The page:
Google stops accepting questions over at Google Answers. They’ll stop accepting answers by the end of the year. Ten to one they roll out some freebie service a la Yahoo Answers or Askville within the next six months (I have heard through the rumor mill that it may be much sooner than that). Interesting discussion over on MetaFilter about it which briefly compares and contrasts some of the Ask services with library services. I was also interviewed for a short article about Google Answers today on ArsTechnica. It’s a weird sort of power law that if your site comes up high on a Google Search for a topic, and you’re contactable, you wind up talking to more reporters about it.
So today I went to a meeting of the Vermont Library Association’s Advocacy Committee. The Advocacy Committee works closely with the Government Relations Committee of VLA to get stuff done on a legislative level. They act and we promote. We work in tandem.
Big news this year is that the VLA is working with the Dept. of Libraries to try to get a small amount of guaranteed state funding for Vermont’s public libraries. Currently funding is 100% local, with the exception of grant programs like LSTA, Gates Foundation and Freeman Foundation money. For most Vermont towns this means getting the budget approved in town meeting every year. Some towns have the library as part of the town government funding and some have a separate line item. Some of the towns I work with have big fights about library funding every year. Some libraries get small increases every year when they need them. In any case, Vermont is one of only six states that has no state level funding for libraries and we are asking the Governor for $1.6 million [pdf] which will give public libraries in the state the equivalent of 10% of their operating costs, or a minimum of $1500.
A concern among some of the libraries is that towns might see the state money as supplanting money the town would have to pay and libraries would actually see no net increase in funding. And, of course, in a state where people are used to being so independent, there are always concerns when money comes from the government (CIPA anyone?).
In any case I’m new to this lobbying and legislating stuff, though I am pretty good at stringing sentences together. If anyone has advice, feel free to leave it in the comments.
I spent a few hours at the library yesterday, somewhere between three and four. Almost all of this time was spent doing Windows updates to the three semi-public machines. The library got broadband a few months ago and updates were basically impossible before then. So I came in, unlocked the Centurion Guard (quick aside, can anyone tell me if this is really in any way more secure than a good software firewall like Deep Freeze if you’re just using the machines as PACs?) and did the updates which involved downloading the updater, doing an express install of the most urgent updates, and then doing a more complete install of the 53 updates that had been made available since the last update.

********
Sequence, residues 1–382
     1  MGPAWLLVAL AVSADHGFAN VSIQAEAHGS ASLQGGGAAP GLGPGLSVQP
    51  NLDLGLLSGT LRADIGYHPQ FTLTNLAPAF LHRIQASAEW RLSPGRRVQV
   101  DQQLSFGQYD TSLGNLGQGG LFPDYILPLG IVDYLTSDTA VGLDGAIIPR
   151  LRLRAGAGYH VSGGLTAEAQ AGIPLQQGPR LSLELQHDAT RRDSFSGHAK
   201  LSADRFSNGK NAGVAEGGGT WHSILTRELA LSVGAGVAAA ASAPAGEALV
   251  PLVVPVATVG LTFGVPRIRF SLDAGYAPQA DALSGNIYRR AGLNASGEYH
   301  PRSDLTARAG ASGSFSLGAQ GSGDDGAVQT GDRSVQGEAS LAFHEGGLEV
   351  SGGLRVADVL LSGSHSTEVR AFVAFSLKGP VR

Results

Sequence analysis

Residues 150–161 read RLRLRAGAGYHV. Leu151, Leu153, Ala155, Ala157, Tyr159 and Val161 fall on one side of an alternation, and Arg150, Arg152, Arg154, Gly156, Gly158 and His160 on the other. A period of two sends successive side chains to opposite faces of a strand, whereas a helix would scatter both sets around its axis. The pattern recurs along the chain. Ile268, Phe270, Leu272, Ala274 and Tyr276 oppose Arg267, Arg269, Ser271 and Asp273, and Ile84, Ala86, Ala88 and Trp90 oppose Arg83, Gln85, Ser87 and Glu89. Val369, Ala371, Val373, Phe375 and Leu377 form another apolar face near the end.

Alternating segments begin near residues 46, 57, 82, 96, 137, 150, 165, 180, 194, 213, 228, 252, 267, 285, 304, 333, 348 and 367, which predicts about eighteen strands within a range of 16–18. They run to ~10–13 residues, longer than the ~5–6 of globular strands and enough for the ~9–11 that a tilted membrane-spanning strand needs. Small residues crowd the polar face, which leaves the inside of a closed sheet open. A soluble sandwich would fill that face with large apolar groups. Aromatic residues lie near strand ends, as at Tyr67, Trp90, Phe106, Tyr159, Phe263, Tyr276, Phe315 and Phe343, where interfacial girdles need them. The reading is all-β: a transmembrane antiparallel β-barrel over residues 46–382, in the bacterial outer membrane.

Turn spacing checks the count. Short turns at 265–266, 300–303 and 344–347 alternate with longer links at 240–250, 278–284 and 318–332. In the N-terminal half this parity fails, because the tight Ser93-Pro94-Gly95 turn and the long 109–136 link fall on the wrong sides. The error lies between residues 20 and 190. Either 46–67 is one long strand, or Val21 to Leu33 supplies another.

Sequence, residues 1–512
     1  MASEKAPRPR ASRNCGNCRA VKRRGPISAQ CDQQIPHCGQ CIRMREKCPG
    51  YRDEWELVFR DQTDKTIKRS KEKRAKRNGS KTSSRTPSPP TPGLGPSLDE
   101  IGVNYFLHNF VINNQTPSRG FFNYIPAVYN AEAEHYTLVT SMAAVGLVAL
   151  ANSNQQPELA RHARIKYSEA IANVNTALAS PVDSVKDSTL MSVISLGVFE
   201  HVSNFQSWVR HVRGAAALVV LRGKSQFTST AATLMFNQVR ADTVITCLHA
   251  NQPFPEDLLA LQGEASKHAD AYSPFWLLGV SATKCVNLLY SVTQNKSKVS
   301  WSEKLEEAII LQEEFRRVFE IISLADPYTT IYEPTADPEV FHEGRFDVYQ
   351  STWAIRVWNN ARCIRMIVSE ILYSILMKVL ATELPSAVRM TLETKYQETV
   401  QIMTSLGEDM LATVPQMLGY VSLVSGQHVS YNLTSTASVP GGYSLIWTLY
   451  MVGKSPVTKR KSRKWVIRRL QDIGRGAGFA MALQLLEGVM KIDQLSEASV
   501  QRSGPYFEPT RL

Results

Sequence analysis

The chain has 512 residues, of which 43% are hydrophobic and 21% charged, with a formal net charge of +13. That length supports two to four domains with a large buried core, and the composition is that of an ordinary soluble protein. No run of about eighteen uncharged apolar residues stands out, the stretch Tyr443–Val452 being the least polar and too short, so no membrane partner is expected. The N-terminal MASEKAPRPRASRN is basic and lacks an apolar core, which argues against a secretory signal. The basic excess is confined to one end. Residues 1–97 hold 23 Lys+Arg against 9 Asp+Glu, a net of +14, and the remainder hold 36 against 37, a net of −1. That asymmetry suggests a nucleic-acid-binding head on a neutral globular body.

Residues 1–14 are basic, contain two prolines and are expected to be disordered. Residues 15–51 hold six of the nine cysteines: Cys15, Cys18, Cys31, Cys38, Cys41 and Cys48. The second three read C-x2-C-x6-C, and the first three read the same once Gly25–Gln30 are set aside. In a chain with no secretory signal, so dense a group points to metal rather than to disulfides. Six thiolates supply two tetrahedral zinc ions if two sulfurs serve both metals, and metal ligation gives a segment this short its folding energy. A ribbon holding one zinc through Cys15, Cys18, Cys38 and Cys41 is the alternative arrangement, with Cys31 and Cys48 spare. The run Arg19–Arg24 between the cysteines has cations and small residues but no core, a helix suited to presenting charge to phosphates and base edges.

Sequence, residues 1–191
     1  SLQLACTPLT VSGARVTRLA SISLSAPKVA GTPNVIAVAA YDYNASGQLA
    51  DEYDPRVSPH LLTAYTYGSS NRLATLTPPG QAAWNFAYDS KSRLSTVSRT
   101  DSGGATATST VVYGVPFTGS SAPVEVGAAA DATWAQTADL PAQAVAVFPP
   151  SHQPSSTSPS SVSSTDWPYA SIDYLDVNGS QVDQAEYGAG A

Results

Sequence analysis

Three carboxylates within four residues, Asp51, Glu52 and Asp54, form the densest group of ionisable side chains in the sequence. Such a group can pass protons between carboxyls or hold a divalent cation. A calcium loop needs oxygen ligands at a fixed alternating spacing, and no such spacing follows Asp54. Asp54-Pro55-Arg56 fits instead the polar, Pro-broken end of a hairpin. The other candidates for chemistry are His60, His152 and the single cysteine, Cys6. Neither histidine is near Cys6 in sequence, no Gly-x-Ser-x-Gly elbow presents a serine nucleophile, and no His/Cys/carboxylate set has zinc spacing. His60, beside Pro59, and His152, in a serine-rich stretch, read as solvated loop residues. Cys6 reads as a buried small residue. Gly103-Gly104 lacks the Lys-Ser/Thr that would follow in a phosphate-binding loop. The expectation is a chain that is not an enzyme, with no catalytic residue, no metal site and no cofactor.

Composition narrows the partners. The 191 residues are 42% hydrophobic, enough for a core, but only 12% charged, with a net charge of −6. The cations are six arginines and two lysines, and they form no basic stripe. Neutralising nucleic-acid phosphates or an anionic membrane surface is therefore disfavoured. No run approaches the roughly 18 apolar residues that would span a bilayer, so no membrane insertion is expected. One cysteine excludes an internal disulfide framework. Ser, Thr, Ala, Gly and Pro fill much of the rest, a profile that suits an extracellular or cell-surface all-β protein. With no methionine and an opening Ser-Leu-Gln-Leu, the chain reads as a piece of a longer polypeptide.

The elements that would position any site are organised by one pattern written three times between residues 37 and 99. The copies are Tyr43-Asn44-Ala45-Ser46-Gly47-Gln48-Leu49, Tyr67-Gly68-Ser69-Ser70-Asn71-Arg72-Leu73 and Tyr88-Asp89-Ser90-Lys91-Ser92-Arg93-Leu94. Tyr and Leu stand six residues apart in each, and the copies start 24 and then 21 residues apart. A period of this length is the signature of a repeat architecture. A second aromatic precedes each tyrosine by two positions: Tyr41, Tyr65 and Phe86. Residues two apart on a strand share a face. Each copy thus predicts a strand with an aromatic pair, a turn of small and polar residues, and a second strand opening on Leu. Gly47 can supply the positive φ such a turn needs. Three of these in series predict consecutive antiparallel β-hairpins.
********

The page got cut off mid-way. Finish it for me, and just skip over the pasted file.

I also installed Firefox on the exec and patron-facing profiles, did some helpful configging of it, taught the librarian how it was different (tabs!), and hid Internet Explorer as much as I could without uninstalling it since I still need it for more Windows Updates! While all these downloads were happening, I ordered a $40 wireless router, replaced the “you can not IM here” sign with one that said “Use Meebo for IM” and explained to the librarian how Meebo worked, and even used it to IM with someone the librarian already knew, who happens to be a local buddy of mine.
Since the downloads were still going on, I gave the librarian and the trustee I was working with a pep talk about the importance of having a website and my firm assessment that once we built a little website, most of the maintenance and updating could be done by them. The library was a little hub of activity the entire evening. 1,300 people live in the town and probably twenty of them came into the library in a three hour period. I got introduced to almost all of them.
Nothing else really to add here except that a lot of this work just fell under the heading of 1) good advice and 2) deferred maintenance. Neither of them always seems like the best way of spending your limited time and money. Yet at the same time, the whole “getting to yes” part of library tecnology may be, at the end of the day, the most important part of a solid technology foundation.
The Laughing Librarian has done it again, this time on YouTube. Please enjoy “The OPAC Sucks.”
my im friend (2:49): so i went to [Vermont public library] .. and was like.. you teach computer classes?
my im friend 2:49 : and theyre like YOU NEED TO COME BACK WHEN THE HEAD LIBRARIAN IS HERE
my im friend 2:49 : and im like no no.. i was just wondering if i could volunteer to help out with them
my im friend 2:49 : and theyre like WE HAVE SOMEONE <repeat DEFAULT LIBRARIAN IS HERE PHRASE>
my im friend 2:50 : so im like.. ooooookay .. and left
You can learn a lot about people by what they take away from this story.